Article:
Fred Lape's Apples and Man

By Lee Latimer

In 1979, Fred Lape pub­lished a book enti­tled Apples and Man. The fly­leaf states: The com­ing gen­er­a­tion may scarce­ly know how a good apple tastes. Any­one who savors the taste of a good apple and is curi­ous about the past his­to­ry, the cur­rent sta­tus, and the prob­a­ble future of the apple will delight in this com­pre­hen­sive narrative.”

And a bit lat­er in the para­graph: The dis­crep­an­cy between the con­cerns of com­mer­cial grow­ers and the indi­vid­ual lover of a good tast­ing apple is explored, with an in-depth dis­cus­sion of the dan­gers of mass pro­duc­tion, sci­en­tif­ic breed­ing and reliance on chem­i­cals for cul­ti­va­tion and preser­va­tion.”

While insight­ful and mon­u­men­tal in its own right, in 2017, Lape’s Apples and Man also inspired a Wis­con­sin man, Dan Bussey, to pro­duce The Illus­trat­ed His­to­ry of Apples in the Unit­ed States and Cana­da. It is an illus­trat­ed hard­cov­er set of sev­en vol­umes, each between 500 and 600 pages. Illus­trat­ed His­to­ry is a com­pendi­um of every apple vari­ety that has appeared in print in any North Amer­i­can pub­li­ca­tion in the last two cen­turies.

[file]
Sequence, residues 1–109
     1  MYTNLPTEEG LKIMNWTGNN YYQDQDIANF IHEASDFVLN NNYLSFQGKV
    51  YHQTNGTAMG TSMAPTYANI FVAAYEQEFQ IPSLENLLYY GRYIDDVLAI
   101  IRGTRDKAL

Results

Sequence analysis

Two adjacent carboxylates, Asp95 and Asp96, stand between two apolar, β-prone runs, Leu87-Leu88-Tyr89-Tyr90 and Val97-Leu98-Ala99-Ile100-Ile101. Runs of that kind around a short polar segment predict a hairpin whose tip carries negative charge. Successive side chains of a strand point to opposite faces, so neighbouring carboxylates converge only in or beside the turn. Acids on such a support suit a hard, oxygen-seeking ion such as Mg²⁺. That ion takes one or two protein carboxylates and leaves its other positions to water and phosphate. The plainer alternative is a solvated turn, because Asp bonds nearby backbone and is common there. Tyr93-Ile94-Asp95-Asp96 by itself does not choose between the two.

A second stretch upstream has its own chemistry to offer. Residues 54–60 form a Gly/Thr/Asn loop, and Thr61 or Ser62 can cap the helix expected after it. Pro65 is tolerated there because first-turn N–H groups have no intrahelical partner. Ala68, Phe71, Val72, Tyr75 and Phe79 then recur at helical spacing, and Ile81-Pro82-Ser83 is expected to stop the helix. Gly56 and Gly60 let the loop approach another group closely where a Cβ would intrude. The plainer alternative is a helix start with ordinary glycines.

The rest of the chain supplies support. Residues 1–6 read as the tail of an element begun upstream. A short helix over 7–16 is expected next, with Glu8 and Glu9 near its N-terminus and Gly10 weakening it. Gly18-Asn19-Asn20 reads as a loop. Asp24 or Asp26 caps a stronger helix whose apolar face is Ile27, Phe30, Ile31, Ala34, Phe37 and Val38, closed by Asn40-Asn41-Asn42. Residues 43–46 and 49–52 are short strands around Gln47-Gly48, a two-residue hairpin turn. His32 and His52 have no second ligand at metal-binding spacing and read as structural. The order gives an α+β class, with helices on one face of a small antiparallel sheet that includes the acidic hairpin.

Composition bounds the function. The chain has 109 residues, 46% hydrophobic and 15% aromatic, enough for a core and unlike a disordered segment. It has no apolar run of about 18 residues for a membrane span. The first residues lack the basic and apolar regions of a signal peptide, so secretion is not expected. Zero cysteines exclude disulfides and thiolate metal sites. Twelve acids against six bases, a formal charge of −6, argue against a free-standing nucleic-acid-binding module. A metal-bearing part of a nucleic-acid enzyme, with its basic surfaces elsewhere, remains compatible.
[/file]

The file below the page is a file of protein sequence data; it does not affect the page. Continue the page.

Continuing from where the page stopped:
An online arti­cle by atla​sob​su​cra​.com titled Meet the Man on a Quest to Doc­u­ment Every Apple in North Amer­i­ca” states:

Bussey, 64, began his pomme-olog­i­cal quest in 1989, while set­ting up an orchard in his home­town of Edger­ton, Wis­con­sin. He’d grown inter­est­ed in heir­looms in 1980, soon after read­ing the new­ly released book Apples and Man by Fred Lape, which bemoaned the loss of heir­looms and the poor qual­i­ty of chem­i­cal­ly treat­ed super­mar­ket apples.“

We have always known of Fred Lape’s world- wide rep­u­ta­tion as an insight­ful and knowl­edge­able expert on plants. This is anoth­erex­am­ple of the far-reach­ing effects of his leadership. 


Fall 2021

Volume 39 , Number 3

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